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Example 5: OCX - The Email Client Example

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This example shows how to migrate an application that uses an ActiveX/OCX Control.
We are using the Email example from Visual Objects that you can find in the Examples folder, subfolder Email.

The problem that we can expect here is that the X# Runtime (and also Vulcan rumtime) does not support ActiveX controls.

So lets try to solve this.

First run VOXporter and create a Visual Studio solution from the AEF

Compile and run in Visual Studio.

We will get 2 messages:


The first message shows the biggest problem in this example. The second message was inserted by the Xporter to warn us that the original code was adding a method to a class that exists inside the VO Gui classes.

Lets fix these problems quickly to be able to compile the app. We will add the OCX Later:

Click on the warning. You will see that the XPorter has added a CLASS ToolBar_external_class that inherits from Toolbar. The original code was trying to add the ShowButtonmenu method to the existing Toolbar class.

We can solve this problem, that we have also seen in the VOPAD example by either adding an Extension Method or by subclassing the Toolbar class.

Just like in the VOPAD example I prefer the extension method.

Change the class name and method declaration. We will create 2 overloads, because the symTb parameter is optional:

STATIC CLASS ToolBarExtensions
  STATIC METHOD ShowButtonMenu(SELF tbSelf as Toolbar, nButtonID as LONG, oButtonMenu as Menu) AS VOID
     tbSelf:ShowButtonMenu(nButtonID, oButtonMenu, #MAINTOOLBAR)
STATIC METHOD ShowButtonMenu(SELF tbSelf as Toolbar, nButtonID as LONG, oButtonMenu as Menu,symTb as Symbol) AS VOID

Remove the Default() line and replace SELF in the body of the original ShowButtonMenu with tbSelf

We will also have to make some changes to the code that calls this method. This is due to the fact that the code calls ShowButtonMenu on the Toolbar access from the window class. This Toolbar access is untyped and therefore returns a USUAL..
So locate the 2 lines with SELF:ToolBar:ShowButtonMenu and change that to ((Toolbar) SELF:ToolBar):ShowButtonMenuYou cannot use the oToolbar field of the Window class, because the DataWindow class will return the Toolbar from its framewindow in stead of its own toolbar.
In the improved VO SDK that we will include with our X# runtime we will solve this problem by strongly typing properties such as Window:Toolbar.
Maybe you would be tempted to add the Extension methods to the USUAL type, so you would not have to add the casts to the code that calls ShowButtonMenu.
That will compile, but unfortunately will produce a problem at runtime. The X# compiler (like the Vulcan and VO Compilers) knows that the USUAL type is special and will not try to emit a method call, but will produce code that calls Send() on the usual to call its method. And the Vulcan Runtime does not handle extension methods inside the Send() function.

We can confirm that this works later when we press the "Reply" button on the toolbar. That should bring up the menu with "Reply to Sender" and "Reply to All"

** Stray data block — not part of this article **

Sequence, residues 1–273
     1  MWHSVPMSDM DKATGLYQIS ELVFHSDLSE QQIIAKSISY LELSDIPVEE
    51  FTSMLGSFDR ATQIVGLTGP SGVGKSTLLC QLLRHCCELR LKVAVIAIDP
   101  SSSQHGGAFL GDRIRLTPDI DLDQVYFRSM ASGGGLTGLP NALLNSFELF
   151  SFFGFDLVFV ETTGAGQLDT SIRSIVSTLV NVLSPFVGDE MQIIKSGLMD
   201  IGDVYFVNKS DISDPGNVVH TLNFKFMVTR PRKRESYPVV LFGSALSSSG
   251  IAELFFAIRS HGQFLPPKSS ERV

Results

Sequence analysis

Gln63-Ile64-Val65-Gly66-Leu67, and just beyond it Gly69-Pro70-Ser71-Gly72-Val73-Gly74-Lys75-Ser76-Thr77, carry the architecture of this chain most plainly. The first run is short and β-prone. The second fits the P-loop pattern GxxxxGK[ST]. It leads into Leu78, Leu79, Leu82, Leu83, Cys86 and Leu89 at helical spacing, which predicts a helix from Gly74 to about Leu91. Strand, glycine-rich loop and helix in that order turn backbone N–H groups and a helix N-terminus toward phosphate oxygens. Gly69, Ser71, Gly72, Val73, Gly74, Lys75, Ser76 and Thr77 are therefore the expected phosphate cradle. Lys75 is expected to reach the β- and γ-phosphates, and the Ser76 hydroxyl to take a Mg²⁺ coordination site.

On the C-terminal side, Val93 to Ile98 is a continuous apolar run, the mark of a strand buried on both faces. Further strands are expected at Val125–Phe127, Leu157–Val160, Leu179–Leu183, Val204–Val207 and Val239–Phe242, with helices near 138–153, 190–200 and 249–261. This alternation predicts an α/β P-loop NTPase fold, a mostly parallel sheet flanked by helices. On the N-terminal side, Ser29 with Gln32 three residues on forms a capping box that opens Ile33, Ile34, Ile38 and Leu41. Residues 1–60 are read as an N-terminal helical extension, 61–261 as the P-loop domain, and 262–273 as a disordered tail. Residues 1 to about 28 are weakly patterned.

Now it is time to fix the ActiveX/OCX problem

Click on the error about OleControl.

As a quick workaround we will change the code and let webbrowser inherit from MultiLineEdit. That gives us a control that will certainly work. We will implement the OCX later. To do so go to the Class Webbrowser.PRG and change the INHERIT clause. It says INHERIT OleControl now. Change that to INHERIT MultiLineEdit.

Compile again and now some other errors will be shown. 2 of these mention the type cOleMethod. Goto this code by double clicking the error.

You will see the Quit method of the Webbrowser class. This code uses an internal class and internal methods from the VO OLE Classes. Comment out the contents of this method for now.

Compile again and you will see that only a few errors are left. Some of these are the same as the error in the VOPAD Example and require that we change the Font property to ControlFont. Correct that.

One error points to an incorrect '+' operator: in the line

cTemp +=  +"; "+ cEntry

This is an obvious error in the original VO code that was never picked up by the VO Compiler. Remove the + before the double quote

The last error comes from the constructor of the Webbrowser class. It is calling the CreateEmbedding method from the OleControl. This method does not exist in the MultiLineEdit class, so we comment it out for now. We will deal with the Webbrowser later.

The rest of the code should compile without problems after commenting out the call to SELF:CreateEmbedding().

You should be able to run the app now.

There will be a runtime error if you try to open the Address Book because it uses the Databrowser control which depends on Cato3Cnt.dll. Fix this by copying the cato3*.dll and msvcrt.dll from the Cavo28\Redist folder to your output folder.

Recompile and run the example. I twill now produce an error inside the Display method of the Webbrowser class (DisplayHtml if you have used the Email example from VO 2.8 SP4).
This method takes the content of the email, writes it to disk and calls the Navigate method of the Webbrowser control (late bound, using the Send() function of VO). This will not work.